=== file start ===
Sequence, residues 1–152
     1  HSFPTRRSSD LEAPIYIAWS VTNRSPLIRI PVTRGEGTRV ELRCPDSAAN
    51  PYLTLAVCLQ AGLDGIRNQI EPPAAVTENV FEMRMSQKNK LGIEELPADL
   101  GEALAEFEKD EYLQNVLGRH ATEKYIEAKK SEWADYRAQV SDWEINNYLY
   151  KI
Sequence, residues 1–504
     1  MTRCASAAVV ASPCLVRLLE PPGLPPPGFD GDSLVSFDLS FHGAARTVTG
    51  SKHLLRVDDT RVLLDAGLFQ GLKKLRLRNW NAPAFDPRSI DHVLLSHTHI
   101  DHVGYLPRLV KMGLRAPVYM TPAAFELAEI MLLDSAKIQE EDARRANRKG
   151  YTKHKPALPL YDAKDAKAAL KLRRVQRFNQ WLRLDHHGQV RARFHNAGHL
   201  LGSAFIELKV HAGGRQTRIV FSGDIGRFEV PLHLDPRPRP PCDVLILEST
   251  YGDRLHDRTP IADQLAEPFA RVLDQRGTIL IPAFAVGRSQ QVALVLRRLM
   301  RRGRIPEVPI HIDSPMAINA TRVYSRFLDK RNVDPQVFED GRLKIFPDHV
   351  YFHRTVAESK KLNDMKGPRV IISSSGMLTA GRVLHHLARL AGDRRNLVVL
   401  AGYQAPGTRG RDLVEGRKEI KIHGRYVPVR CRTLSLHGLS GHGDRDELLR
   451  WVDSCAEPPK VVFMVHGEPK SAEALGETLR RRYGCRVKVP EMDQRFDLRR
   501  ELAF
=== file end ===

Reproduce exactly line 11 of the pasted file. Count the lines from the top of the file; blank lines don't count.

   201  LGSAFIELKV HAGGRQTRIV FSGDIGRFEV PLHLDPRPRP PCDVLILEST